NPP's launching next week, and I'll be there to see it! (Hopefully.)
It's been killing me that I haven't been able to attend any of the major deep-space launches this year -- GRAIL, Juno, or the upcoming Curiosity. So I was thrilled when NASA announced the opportunity for Twitter users to register to attend a "Tweetup" at the launch of the Earth-orbiting spacecraft NPP. Earth-orbiting craft aren't my typical bailiwick, but that's not out of any disrespect to Earth orbiters; I just don't have time. But I'll make time, in order to see a launch, of a Delta II (the last currently scheduled Delta II!), close to home(!!), at night (!!!), at Vandenberg Air Force Base (!!!!), as one of only 20 people selected to participate out of more than 600 who registered (!!!!!). Launch is currently scheduled for October 28 at 2:48 a.m. local time (09:48 UT). They just passed their flight readiness review, and will begin fuelling the second stage on Monday.
NASA / Mark P. Mackley, VAFB
NPP half-enclosed in its fairing
At Vandenberg Air Force Base's Space Launch Complex-2 in California on October 20, 2011, technicians monitor the movement of a section of the clamshell-shaped Delta payload fairing as it encloses NPP. The fairing will protect the spacecraft from the impact of aerodynamic pressure and heating during ascent and will be jettisoned once the spacecraft is outside the Earth's atmosphere.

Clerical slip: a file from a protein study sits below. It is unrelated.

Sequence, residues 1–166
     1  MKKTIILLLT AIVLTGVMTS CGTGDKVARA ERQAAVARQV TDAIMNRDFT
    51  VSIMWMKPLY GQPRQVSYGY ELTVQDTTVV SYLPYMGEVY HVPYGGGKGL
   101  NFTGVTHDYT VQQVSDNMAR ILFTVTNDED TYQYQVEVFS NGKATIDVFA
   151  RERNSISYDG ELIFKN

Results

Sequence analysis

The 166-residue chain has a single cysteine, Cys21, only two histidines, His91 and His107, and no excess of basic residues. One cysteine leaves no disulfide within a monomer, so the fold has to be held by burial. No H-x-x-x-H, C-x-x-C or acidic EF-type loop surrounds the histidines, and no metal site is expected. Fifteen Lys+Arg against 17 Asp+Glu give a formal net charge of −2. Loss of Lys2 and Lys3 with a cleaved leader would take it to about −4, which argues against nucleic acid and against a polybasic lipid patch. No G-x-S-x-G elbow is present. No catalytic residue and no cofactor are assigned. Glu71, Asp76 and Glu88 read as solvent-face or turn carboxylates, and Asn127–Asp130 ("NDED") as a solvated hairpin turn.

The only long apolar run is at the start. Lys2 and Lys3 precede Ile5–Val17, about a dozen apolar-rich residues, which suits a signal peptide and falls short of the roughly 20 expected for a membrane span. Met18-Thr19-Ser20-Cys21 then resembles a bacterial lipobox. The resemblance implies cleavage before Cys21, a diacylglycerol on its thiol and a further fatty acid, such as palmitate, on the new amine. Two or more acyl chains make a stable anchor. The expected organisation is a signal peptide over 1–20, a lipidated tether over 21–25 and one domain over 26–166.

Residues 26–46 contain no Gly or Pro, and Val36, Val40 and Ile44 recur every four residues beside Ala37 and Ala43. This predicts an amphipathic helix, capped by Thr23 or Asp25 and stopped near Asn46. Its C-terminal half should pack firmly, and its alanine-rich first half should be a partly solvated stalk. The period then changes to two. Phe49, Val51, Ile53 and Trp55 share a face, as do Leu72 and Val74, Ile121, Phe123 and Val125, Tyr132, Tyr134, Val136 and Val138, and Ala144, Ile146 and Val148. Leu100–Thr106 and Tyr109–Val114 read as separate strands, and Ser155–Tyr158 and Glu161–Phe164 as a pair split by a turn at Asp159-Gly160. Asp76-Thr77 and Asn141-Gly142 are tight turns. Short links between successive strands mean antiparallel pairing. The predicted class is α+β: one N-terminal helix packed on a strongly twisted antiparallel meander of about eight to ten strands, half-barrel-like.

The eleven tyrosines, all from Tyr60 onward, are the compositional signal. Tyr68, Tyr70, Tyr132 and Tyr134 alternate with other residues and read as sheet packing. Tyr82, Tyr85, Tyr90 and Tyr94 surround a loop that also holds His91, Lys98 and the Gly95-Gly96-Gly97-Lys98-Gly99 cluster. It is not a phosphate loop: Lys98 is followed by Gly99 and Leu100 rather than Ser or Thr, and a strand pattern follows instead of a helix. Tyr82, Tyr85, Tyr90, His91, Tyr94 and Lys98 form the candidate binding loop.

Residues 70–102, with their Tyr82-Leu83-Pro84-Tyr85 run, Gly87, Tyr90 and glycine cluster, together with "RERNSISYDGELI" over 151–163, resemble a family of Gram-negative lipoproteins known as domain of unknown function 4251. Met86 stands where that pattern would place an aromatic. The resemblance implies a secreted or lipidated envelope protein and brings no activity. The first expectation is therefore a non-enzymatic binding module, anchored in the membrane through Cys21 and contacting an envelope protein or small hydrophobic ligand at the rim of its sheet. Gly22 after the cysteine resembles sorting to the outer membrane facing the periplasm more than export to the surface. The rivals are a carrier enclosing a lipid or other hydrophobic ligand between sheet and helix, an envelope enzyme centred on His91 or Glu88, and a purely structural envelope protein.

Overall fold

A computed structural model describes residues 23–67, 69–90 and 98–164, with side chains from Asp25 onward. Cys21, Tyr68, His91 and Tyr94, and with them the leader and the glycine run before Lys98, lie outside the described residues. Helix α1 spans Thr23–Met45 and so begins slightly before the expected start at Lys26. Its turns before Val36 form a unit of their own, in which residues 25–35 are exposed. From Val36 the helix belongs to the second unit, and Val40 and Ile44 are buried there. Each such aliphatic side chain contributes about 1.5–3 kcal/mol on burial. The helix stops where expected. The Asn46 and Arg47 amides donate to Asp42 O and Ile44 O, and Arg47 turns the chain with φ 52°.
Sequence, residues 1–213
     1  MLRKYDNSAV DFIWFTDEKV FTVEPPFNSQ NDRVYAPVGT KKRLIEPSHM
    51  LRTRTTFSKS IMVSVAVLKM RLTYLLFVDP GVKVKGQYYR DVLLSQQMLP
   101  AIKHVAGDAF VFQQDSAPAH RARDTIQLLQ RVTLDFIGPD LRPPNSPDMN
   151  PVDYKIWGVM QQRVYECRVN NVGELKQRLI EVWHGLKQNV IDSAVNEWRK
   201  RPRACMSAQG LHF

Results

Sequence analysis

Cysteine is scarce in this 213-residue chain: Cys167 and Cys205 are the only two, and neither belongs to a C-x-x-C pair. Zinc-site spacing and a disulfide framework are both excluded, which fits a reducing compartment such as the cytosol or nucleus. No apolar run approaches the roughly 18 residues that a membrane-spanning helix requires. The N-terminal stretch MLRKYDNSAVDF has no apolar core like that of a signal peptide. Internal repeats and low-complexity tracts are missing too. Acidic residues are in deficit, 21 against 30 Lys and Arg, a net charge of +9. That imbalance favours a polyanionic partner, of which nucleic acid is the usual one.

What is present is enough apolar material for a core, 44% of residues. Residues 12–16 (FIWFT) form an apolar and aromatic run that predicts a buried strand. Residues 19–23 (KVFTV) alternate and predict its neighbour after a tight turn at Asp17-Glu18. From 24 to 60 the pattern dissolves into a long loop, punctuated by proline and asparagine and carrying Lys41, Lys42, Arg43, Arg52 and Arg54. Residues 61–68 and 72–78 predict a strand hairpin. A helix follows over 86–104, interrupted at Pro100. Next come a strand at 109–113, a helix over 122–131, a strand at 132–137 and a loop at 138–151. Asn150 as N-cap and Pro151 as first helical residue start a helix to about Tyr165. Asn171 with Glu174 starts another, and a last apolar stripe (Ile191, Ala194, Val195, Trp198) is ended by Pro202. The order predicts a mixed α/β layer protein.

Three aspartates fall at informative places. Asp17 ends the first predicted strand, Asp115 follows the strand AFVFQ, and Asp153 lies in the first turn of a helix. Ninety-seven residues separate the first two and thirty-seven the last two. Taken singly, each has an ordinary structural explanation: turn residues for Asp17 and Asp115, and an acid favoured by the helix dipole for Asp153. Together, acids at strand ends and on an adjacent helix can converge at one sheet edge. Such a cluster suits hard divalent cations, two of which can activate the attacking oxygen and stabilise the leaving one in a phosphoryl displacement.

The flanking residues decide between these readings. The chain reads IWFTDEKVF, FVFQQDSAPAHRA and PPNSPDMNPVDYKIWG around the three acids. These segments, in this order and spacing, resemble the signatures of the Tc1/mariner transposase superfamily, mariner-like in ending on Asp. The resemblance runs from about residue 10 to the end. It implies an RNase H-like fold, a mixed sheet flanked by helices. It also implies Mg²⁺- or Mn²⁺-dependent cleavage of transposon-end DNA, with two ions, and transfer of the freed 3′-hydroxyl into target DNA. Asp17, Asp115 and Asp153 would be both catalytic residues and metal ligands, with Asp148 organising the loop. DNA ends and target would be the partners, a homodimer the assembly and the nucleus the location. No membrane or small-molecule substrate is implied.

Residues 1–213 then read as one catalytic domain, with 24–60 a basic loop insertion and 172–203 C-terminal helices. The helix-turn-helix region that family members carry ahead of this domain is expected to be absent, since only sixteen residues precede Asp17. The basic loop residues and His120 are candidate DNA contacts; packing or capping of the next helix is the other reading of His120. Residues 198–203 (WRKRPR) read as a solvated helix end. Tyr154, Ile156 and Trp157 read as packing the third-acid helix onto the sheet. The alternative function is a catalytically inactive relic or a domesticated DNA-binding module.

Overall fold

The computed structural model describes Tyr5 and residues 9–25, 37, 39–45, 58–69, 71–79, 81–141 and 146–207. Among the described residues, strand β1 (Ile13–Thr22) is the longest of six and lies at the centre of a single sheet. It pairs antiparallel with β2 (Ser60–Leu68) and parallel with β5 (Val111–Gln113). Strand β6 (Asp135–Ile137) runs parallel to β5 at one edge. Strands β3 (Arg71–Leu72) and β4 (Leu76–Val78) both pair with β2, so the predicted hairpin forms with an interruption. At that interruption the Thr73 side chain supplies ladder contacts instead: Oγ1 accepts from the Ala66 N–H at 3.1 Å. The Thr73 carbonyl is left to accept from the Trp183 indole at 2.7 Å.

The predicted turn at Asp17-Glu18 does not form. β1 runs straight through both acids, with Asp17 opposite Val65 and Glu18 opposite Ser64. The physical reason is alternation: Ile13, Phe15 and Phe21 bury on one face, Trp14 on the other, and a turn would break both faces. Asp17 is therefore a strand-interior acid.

NPP represents a critical first step in building the next generation of Earth-observing satellites. NPP will carry the first of the new sensors developed for this satellite fleet, once called the National Polar-orbiting Operational Environmental Satellite System (NPOESS) but now known as the Joint Polar Satellite System (JPSS), which is scheduled for launch in 2016. (Thus "NPP" is an initialism containing an outdated acronym: NPOESS Preparatory Project.) NPP is the bridge between NASA's Earth Observing System (EOS) satellites and the forthcoming series of JPSS satellites. The mission will test key technologies and instruments for the JPSS missions.
NPP represents a critical first step in building the next generation of Earth-observing satellites. NPP will carry the first of the new sensors developed for this satellite fleet, once called the National Polar-orbiting Operational Environmental Satellite System (NPOESS) but now known as the Joint Polar Satellite System (JPSS), which is scheduled for launch in 2016. (Thus "NPP" is an initialism containing an outdated acronym: NPOESS Preparatory Project.) NPP is the bridge between NASA's Earth Observing System (EOS) satellites and the forthcoming series of JPSS satellites. The mission will test key technologies and instruments for the JPSS missions.There sure are some shiny surfaces on that spacecraft -- it should produce good flashes when it's in the right geometry. And I'm always surprised to see how large Earth-orbiting spacecraft are. Since they don't need to escape Earth's gravity, the same rocket can launch much more mass to Earth orbit than it can to escape Earth and travel to, say, Mars. The only launch I've ever witnessed live is Spirit's, which was also a Delta II, though a slightly different configuration. Here's Spirit at a similar moment in its mission; it was such a squat little spacecraft compared to NPOESS, inside a similarly squat fairing.